Spiderman 3 scene: Spidey guy is sitting lonely at his house, when his old lady knocks at his door. She comes in and sits for a chat. She mentions, “When we spoke on the phone, you sounded a little disturbed. So I thought I’d just come by.” And they chat about Mary Jane. “Did you ever propose?” she asks. He gives her back the ring she had given him for the wife, and says he isn’t ready to put the wife before himself to become a good husband. She returns it saying, “I trust you Peter. You’re a good person. I’m sure you’ll find a way to make it right.” Then she leaves the ring on the table and says, “In time,” and bids goodbye.
Now this scene, if it was done in India, it would have been much different. The lady would have come over screaming his name, “Pappu, what in god’s name do you think you are doing? Why don’t you call me? Am I no longer your family anymore?” And after a lot of such over-emotional pleasantries would come the real question, “Are you still dating that girl? Look what she did to you. Oh my poor boy! Forget her; she’s not even from our caste. I’ll find you a better girl. A richer, bustier, coyer and more obedient girl who will cook nice food and deliver you healthy and beautiful children!” In a matter of seconds, she’d mention a hundred eligible girls and forget about the fact that she had just ‘dropped by’ to meet him and not to lecture. The guy, tired of the masi, chachi, kaki or whatever he called her would say, “Oh please (as applicable), I don’t want to marry now, I have to take care of the world.” And she’d say, “Oi bhaad mein jaye tera world. Chal ghar chal. Tum bachche aaj kal badon ka kehna maante hi nahi ho. Taang todungi tab pata chalega.”
And the poor guy would accompany her to a gaudy wedding and speak to chicks who’d be half as charming as his lady love and still appear humble and polite.
You see, the Indian scene of love and marriage is quite an interesting phenomenon actually. An Assamese friend of mine was dumped by the folks of his Punjabi girlfriend and the lady love complied with them and left him. He grieved the loss for months, chatting with me for counsel. A few days ago, he found another chick and guess what, she was Punjabi. Yeah people generally go back to the same preferences over and over again. I suppose they even have a term in the marketing jargon, to explain consumer behaviour. Anyway, so I was saying, his girl’s folks perhaps said, “He is not from our caste and community. Forget him, we’ll find you a richer guy with more petrol pumps and khet khaliyan than your guy can ever imagine,” and swooped their daughter away. It comes by nature of a race, for not just parents, but the entire extended family, relatives, their relatives and friends to interfere in the affairs; and I mean “affairs” proper, of two individuals. It’s just Indian. Sometimes perhaps, this genetic tendency comes in handy when you’re emotionally broke and much tired of crying your eyes out, but sometimes when you actually need your own space to reflect where you have gone wrong, you’d wish you could vanish and go to some cave at the end of the world to rest in peace. No I don’t mean ‘die’, but generally, just rest, in peace.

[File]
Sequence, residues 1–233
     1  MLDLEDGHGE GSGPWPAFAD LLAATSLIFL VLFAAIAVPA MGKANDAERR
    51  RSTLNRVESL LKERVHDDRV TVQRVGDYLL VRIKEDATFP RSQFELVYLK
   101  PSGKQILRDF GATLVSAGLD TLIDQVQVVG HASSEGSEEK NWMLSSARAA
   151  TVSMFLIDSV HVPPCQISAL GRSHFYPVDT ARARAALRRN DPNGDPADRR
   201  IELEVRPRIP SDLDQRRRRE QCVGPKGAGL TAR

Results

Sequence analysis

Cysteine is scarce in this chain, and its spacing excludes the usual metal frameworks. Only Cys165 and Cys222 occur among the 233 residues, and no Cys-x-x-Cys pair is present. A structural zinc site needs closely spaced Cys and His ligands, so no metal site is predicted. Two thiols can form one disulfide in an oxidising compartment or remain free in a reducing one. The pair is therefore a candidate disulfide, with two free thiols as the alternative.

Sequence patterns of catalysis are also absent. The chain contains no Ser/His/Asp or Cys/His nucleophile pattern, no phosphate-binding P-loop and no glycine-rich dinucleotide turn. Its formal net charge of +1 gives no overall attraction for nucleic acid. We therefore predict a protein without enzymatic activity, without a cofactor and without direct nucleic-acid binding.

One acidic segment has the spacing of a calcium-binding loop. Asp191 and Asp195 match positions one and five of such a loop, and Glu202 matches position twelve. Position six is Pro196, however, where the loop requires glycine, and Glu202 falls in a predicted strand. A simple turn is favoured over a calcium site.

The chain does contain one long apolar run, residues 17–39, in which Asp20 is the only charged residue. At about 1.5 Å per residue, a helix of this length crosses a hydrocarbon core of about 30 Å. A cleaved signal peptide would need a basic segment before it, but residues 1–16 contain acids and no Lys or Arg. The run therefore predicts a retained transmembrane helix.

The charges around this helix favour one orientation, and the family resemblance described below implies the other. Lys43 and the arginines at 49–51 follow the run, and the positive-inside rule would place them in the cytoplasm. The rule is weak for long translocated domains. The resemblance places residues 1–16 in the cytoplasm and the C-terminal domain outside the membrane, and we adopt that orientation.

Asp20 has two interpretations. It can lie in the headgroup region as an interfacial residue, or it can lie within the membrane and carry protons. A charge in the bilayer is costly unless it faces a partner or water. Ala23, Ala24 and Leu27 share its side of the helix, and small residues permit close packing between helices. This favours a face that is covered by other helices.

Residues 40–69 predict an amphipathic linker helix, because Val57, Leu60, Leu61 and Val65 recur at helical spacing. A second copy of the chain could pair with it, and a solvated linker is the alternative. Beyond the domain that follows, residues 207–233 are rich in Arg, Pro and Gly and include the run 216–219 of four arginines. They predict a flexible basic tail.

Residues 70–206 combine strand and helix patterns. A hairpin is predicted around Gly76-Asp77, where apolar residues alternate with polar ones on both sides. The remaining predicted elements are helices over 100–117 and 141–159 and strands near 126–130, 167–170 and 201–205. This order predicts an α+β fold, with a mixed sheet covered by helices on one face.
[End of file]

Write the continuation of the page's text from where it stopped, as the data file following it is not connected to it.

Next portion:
We Indians don’t have the word ‘lonely’ in our dictionary. If we are geographically lonely (read: settled elsewhere other than hometown), we aren’t mentally lonely. Phone calls of ‘khana khaya?’, ‘tabiyat thik hai?’s keep giving us company. That makes me wonder. Here’d be no ‘lonely trekker’ as in Discovery channel. Ours would probably be called The Picnickers, because obviously that’d involve whole families. Add to that, everybody knows everything about everybody else. Everything is graphically detailed and you don’t really leave anything to be understood. In fact, drop a hint and next thing you know, the whole neighbourhood knows what was perhaps just a Freudian slip. You can even do the ‘do aur do chaar’ and understand the reason why social networking sites have such frantic fan following here in India. If anywhere else it’s used more for professional networking, I’m sure out here, it is used for the youknowhats of the people and society. In fact the whole business of youknowhat is so seriously taken, that there are whole channels broadcasting daily soaps on that, and a greatly flourishing industry of actors who do 30-60 shifts acting out such roles, getting salaries and awards for that.
In an upshot, Indians are garrulous people, nosey in their own might and concerned about the kin with every ounce of the body. For good or bad, you will always have someone hanging around you to give you company or ask silly questions and advise you whether you want to hear it or not. The only and major plus point of this is that – you never feel left out or lonely enough to commit suicide; at least not until it’s been too much. And even for a suicide, you have to be rather alone. Tough chance, eh? You see, it’s not courtesy to leave an Indian lonely. Privacy, let’s face it, isn’t really our forte. Somewhere down the line, we all like to be mobbed and chatted up with. It’s just that you get to choose your company nowadays, because you move out of cosy homes to work in faraway cities and make friends with strangers.
But invariably you do visit home and make those unending social visits and respond to questions like, “Oh living alone in a metro. Must be expensive huh! How much do you earn? Haven’t you married yet? Oh god! Why?” Duh! It happens only in India and we so know how to answer or avert such remarks. “Yeah hello (over the phone), yeah just a sec… Aunty excuse me,” and you save the evening!